Brazilian president Luiz Inácio Lula da Silva, even before completing his five day trip to the Middle East, while still in Amman, Jordan, asked his Foreign minister Celso Amorim to travel to Syria today to discuss the peace process in the region with local authorities.
The attempt to return to dialogue and for greater Brazilian participation in the negotiations between Israel and Palestine was the undertone of the trip Lula took to Israel, the West Bank and Jordan.
“Syria is an important player both in the conflict and in the solution for peace in the Middle East,” said the president, in a press conference, just before leaving the Four Seasons hotel for the airport to fly back to Brazil.
“If rich nations, or the nations in Europe and the United States, are not talking to Syria, Brazil has good relations with the country and is going to approach it,” he said. “If it is necessary to talk to Iran, we will talk to Iran,” he added.
Lula said that “we need to bring the interlocutors that may find a solution together, as they can’t find it because they are far from each other”.
“When I went on strike in São Bernardo do Campo, the worst mistake we could commit was to say that we were not going to talk to the businessmen. Look, if you go on strike to negotiate and decide not to talk, that means there will be no negotiation,” he pointed out, referring to his past as a union leader in São Paulo state.
“Many of the people who are part of the solution to the conflict between Israel and Palestine, the Middle East, are distant. You know, one country does not talk to the other, another refuses to participate in the meetings, it is something that seems to belong to somebody, but nobody solves,” he compared.
Lula has been defending dialogue between all parties involved directly or indirectly in the conflict. The Golan Heights, taken over by Israel in the Six Day War, in 1967, are part of Syria, which, to date, has belligerent relations with Israel, despite there not being a war in practice.
Apart from that, as Amorim said, also in a press conference prior to leaving Amman, “Syria obviously has some influence over Hamas”, the Palestinian movement that controls the Gaza Strip and is contrary to negotiations with Israel.
He pointed out, however, that he was not traveling to Damascus to talk about that matter, but that a solution to the process could only be found if the Palestinian National Authority (PNA), which is governing the West Bank, is strong enough to negotiate in the name of all the Palestinian people.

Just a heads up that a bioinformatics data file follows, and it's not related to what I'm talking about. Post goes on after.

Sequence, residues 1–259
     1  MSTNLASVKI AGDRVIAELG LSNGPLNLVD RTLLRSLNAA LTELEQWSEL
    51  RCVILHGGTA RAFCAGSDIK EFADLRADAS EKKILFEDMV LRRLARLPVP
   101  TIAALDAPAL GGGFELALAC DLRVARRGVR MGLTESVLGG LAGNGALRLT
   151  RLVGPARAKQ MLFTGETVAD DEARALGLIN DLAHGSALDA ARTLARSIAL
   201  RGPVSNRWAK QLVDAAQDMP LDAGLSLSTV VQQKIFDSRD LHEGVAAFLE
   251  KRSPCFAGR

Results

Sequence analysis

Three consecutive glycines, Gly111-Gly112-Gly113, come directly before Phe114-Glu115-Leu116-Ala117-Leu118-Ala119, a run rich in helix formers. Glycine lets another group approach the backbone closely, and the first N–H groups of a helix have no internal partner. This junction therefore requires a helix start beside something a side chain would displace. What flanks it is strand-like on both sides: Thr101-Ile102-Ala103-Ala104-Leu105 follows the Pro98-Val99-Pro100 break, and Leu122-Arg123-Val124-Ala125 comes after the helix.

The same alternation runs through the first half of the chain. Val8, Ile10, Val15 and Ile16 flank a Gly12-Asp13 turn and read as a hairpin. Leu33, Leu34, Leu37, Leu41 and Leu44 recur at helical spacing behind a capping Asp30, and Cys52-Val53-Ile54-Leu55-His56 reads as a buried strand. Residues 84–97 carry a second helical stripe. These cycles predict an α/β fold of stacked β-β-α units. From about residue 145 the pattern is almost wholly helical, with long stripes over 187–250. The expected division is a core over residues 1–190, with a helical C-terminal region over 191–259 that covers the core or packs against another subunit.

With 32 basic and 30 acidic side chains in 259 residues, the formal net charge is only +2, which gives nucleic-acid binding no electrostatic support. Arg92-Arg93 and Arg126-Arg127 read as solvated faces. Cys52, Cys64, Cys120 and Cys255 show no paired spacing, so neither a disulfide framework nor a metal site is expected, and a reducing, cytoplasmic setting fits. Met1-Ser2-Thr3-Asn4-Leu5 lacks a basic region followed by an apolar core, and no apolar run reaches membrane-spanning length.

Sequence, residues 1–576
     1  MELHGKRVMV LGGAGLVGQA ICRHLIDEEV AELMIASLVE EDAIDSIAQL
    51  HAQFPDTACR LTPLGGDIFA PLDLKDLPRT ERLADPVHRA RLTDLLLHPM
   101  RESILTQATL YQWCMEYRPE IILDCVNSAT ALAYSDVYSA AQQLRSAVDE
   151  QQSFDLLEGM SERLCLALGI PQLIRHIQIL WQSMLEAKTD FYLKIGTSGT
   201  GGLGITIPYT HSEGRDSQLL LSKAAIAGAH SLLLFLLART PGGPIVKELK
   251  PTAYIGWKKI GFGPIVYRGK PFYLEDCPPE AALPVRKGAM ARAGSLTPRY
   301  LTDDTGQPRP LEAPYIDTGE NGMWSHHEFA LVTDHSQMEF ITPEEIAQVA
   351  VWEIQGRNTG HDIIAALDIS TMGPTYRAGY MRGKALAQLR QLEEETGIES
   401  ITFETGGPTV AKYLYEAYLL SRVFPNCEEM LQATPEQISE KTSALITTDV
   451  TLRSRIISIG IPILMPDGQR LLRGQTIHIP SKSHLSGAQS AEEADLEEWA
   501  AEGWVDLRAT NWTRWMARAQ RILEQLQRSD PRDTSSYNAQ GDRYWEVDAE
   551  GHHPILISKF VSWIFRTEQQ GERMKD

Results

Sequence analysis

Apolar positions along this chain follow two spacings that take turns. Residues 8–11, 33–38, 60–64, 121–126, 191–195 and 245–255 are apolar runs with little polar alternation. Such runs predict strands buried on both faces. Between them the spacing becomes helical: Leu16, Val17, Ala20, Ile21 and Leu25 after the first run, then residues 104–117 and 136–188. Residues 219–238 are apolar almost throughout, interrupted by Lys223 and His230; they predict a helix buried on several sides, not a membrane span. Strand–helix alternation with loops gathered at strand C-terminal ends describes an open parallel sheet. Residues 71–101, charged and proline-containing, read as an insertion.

Amorim should also restate the invitation for Syrian president Bashar Al Assad to visit Brazil.
Although Brazil is trying to play a greater part in the process for negotiation of peace and is also trying to bring new players to the negotiating table, both Lula and Amorim pointed out that the United States is still the main intermediary of relations between Israel and Palestine.
Under this point of view, the president stressed that the irritation of the American government with regard to the Israeli decision of building 1,600 new homes in Eastern Jerusalem, considered by the Palestinians occupied territory, was important, as “it shows that the United States is not willing to agree with everything Israel does”.
Lula also stressed that both the Palestinians and the Israelis want peace, but that there are other interests on the table that are stunting the advance of the process. “What remains to be seen is who does not want peace,” he said. “When I discover those who do not want it, I am going to tell the press. We have to talk to those who do not want it,” he added.
He pointed out, however, that he plans to discuss the matter with “great care”, as there are “many interests, many people considering that they run the situation”.
“Negotiations must involve all players, from the most radical to the least radical, that is, you must help everyone establish a rule, because that establishes agreements and everybody must accept them,” he pointed out. “If the negotiating table returns to being what it used to be, the result will be the same,” he pointed out.
The president discussed the matter with Jordanian king Abdullah II, with whom he met over dinner last night. According to Amorim, Jordan also plays an important part in the process, as it is one of the Arab countries that has diplomatic relations with Israel – the other is Egypt -, while most of the country’s population is of Palestinian origin.
“That grants the country a special position regarding these questions,” said the Foreign Minister. “Here we also heard from several interlocutors great praise to the contribution Brazil may give. And not just Brazil, it is a matter of granting a new point of view to these traditional groups, which will continue existing, but to whom support is useful,” he said.
The minister added that there should soon be a meeting of the so-called “Quartet for the Middle East”, which includes the UN, the United States, the European Union and Russia, in Moscow. Amorim considers that there is space for Brazilian participation in future discussions, like what happened in Annapolis, in the United States, in 2007. “I feel that these ideas were well received and that there has been great, I would even go as far as to say spontaneous, enthusiasm on the Jordanian side regarding Brazil’s interest in the region,” he said.
Lula and Amorim believe that Brazil does not carry the same luggage of resentment and historic disputes as those currently involved, granting the country the opportunity to speak about critical questions without causing indignant reactions.